• We were unable to recruit staff working in two specific areas of change: the development of services to support expansion of capacity in mental health and general paediatrics within a specialist hospital.

  • Our data were confined to single interviews with a self-selected sample; staff whose experiences were either too raw to discuss or felt they had limited experience of change at work may have been under-represented.

  • Our participants did not include any junior doctors whose experiences are likely to have offered a different perspective from the medical consultants in our sample.

Introduction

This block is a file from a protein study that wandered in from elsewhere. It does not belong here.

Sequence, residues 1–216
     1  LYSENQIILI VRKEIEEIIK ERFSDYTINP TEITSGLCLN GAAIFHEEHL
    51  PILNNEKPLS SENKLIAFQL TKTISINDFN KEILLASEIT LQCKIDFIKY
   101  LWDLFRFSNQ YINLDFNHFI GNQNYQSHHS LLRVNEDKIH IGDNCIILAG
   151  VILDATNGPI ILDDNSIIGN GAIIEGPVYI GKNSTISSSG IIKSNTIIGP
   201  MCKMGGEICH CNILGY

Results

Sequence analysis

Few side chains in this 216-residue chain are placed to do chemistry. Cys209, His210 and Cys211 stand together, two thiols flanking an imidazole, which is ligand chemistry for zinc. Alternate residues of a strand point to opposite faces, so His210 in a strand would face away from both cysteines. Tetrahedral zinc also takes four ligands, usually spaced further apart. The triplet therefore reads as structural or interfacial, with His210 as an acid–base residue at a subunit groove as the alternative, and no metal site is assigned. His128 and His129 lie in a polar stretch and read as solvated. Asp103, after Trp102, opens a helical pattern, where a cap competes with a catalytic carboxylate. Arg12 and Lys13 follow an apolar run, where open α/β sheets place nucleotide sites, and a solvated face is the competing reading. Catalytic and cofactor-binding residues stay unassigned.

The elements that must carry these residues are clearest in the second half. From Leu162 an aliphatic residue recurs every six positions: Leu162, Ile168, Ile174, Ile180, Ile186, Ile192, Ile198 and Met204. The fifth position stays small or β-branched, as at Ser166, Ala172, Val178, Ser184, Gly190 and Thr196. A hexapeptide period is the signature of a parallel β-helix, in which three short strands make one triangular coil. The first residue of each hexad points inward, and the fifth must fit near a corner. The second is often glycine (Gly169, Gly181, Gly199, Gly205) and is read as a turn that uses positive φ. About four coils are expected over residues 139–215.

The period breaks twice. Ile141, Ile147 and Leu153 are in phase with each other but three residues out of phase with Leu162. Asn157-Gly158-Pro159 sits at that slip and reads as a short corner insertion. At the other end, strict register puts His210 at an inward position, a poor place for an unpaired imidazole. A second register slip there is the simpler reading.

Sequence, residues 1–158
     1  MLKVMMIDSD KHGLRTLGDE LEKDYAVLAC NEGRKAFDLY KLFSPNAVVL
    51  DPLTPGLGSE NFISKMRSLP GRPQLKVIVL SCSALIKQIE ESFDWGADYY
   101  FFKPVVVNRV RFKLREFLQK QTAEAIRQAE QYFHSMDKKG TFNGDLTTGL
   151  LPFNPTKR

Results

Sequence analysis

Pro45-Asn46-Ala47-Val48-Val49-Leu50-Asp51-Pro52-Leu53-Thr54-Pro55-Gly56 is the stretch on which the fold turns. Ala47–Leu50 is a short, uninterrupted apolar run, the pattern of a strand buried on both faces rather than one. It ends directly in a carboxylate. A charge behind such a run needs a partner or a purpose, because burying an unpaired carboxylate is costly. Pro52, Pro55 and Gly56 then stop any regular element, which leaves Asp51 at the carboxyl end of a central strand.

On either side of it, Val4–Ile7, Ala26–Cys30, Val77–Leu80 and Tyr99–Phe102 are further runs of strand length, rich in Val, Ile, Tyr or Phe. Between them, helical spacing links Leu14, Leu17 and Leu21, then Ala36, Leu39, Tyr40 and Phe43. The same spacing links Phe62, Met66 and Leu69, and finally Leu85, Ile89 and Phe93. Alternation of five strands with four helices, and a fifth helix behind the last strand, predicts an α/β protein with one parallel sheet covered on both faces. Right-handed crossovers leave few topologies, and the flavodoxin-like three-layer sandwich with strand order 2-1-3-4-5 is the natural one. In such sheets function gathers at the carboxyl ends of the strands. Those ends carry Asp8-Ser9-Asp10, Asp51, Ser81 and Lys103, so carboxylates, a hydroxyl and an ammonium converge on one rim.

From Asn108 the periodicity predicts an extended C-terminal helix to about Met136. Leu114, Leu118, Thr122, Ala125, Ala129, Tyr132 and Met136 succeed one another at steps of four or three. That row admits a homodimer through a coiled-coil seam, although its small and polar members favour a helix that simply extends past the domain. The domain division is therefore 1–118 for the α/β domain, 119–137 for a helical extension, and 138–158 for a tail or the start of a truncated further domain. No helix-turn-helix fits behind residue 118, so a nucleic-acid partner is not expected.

Much has been written about the impact of the COVID-19 pandemic on well-being of hospital staff,1 2 particularly front-line medical and nursing staff, and how care delivery was impacted across a range of clinical settings in a bid to reduce viral transmission rates and prioritise urgent and critical care.3 The majority of research has focused on adult settings as COVID-19 affected children far less,4 with lower associated morbidity and mortality.5 However, staff in specialist children’s hospitals also faced high rates of adverse pandemic-related experiences in both their home and work-life and reported elevated levels of anxiety and depression.6 In the early waves of the pandemic, facilities treating both children and adults were encouraged to increase adult capacity by consolidating paediatric care in specialist children’s hospitals. While many routine paediatric admissions were cancelled and there was a move to remote rather than in-person outpatient care,7 8 there was still a need to provide care for critically and chronically ill children requiring hospitalisation, including those with COVID-19 or paediatric inflammatory multisystem syndrome temporally associated with SARS-CoV-2 (PIMS-TS).9 In common with colleagues in adult settings, staff in children’s hospitals also had to adopt different working patterns, including redeployment both within and outside the hospital and delivery of care in new, often unfamiliar ways.10 11 A qualitative rapid appraisal of healthcare workers’ experiences and perceptions of delivering care to adults12 13 identified that structural conditions in the work environment, such as staffing levels, access to personal protective equipment (PPE) and ability to have adequate breaks, were key factors affecting well-being. Furthermore, changes in workload and responsibility have been linked to burnout and, for some staff, reductions in non-COVID services caused them to feel underused and to experience inequitable workloads.14 What has not been clearly articulated is how COVID-19 impacted aspects of care delivery, preparedness and staffing in the setting of a specialist children’s hospital.